Sleep tips for health & wellness

It’s a fact that most of us don’t get enough sleep and we know that insufficient sleep can have a variety of negative impacts on our health. So now, with the threat of a novel coronavirus and the stress caused by the pandemic situation, getting enough sleep is even more important. Sleep is essential to the proper functioning of our immune systems and helps mitigate the effects of stress on our body and mind. We’re here to provide you with some of our best tips to help you get enough sleep to support your mind and body.

1. Limit screen time

There is no shortage of scientific evidence showing that the blue light generated by electronics like tablets, smart phones, laptops, and TVs disrupts our sleep even for a while after we’ve turned them off. The best ways to eliminate that threat to our sleep is to keep all screens out of the bedroom and limit the time you spend on them before bed time. Ideally, it’s best to turn those screens off at least 30 minutes before bed – an hour is even better.

2. Create a bedtime routine

Try to create a bedtime routine for yourself. Start it at the same time each night and repeat the same steps. It doesn’t have to be complicated but you need to do it consistently. Having a consistent bedtime routine over time primes your body and mind for sleep. Your body and mind know sleep is coming when you start this routine and they’re ready for it. This makes it easier for you to fall asleep at night.

3. Practice good sleep hygiene

Removing the screens is part of this but there is more to good sleep hygiene, which essentially refers to keeping an appropriate sleep environment. For example, our bodies are programmed to sleep best in the dark. So getting your bedroom as dark as you are able to is important. The climate in your room also makes a difference. Our bodies prefer cooler ambient temperatures for sleeping – between 60 & 67 degrees F. That doesn’t mean that you can’t snuggle up under some fluffy blankets, it just means that you shouldn’t have your room super warm as well. Keeping an appropriate room temperature makes it less likely that you will wake up because you are uncomfortable.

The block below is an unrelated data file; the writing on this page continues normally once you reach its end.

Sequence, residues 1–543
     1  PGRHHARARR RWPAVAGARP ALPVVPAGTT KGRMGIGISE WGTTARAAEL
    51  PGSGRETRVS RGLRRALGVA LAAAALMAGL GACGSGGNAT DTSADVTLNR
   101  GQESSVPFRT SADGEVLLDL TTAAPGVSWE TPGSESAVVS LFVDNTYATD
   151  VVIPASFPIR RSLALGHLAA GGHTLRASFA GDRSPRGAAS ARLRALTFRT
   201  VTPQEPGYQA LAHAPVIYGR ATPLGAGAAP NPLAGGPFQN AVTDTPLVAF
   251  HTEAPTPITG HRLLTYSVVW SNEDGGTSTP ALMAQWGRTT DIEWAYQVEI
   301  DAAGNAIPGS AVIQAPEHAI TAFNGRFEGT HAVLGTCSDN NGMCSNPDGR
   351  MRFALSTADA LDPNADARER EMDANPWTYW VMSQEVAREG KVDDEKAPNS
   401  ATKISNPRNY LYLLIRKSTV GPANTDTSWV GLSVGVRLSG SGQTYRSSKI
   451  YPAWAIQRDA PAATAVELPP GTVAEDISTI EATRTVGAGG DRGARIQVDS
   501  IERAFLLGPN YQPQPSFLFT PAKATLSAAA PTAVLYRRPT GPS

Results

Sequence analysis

4. Practice gratitude

One of the exercises that I give my clients who often struggle to get to sleep at night is writing a nightly gratitude list. Each night before bed, simply write down 5-10 things you are grateful for that day. The practice of doing this takes your mind out of the muck and mire of stress and puts you in a more relaxed place so it’s easier to get to sleep.

5. Get all the junk out of your head

Another exercise I give my clients who struggle with sleep is a to-do list brain dump. If you are the type who lies down and finds their mind racing or wakes up at 2 am worrying about forgetting to do something tomorrow, this is a great trick for you. Before you head to bed for the night, write down everything you need to do the next day – even down to the little stuff like washing the dishes. This will take all of those things out of your head and will remove that anxiety around forgetting to do something. You could also keep that list nearby on the off-chance that you do wake up in the middle of the night remembering something else you need to do.

Following these tips should help you get a better night’s sleep, leaving you feeling more energized, your immune system working better, and your body and mind more resilient.

Foods to Support Immunity & Stress Relief

As we’ve seen over these past several weeks, people are flocking to the grocery store to stock up on supplies for dealing with the COVID-19 pandemic and ensuing social distancing policies. Toilet paper and sanitizer are obviously at the tops of people’s lists, but have you considered the food you’re buying? In times like this, the inclination is often highly-processed foods with a long shelf life, but these aren’t the best options for supporting your immune system and mitigating the effects of stress on your body. 

We’re here to discuss some of the food items that you may want to consider purchasing during this time of crisis, rather than just bread, milk, eggs, and pasta. Obviously these items may vary depending on any dietary needs or restrictions, but hopefully it will give you some ideas for foods that can really support the health of you and your family.

But first, let’s give you some general information about what makes the following foods so beneficial.  

The Power of Plants

When it comes to the best foods to be eating right now, plants are where it’s at. Fruits and veggies are loaded with beneficial compounds called phytonutrients, which act as antioxidants and support healthy body function, including immunity. Phytonutrients are what give the produce its bright colors, so the more different colors you eat, the greater variety of phytonutrients you’re consuming.

Low Stress Foods

We are currently under a tremendous amount of stress, which means that our bodies are experiencing very high levels of the stress hormone cortisol consistently. Cortisol is not only the stress hormone, but is also involved in a wide range of other processes such as the body’s inflammatory response, blood sugar regulation, sleep cycles, blood pressure, and memory function. Because of its involvement in these other processes, having it chronically sitting at high levels can have far-reaching health impacts.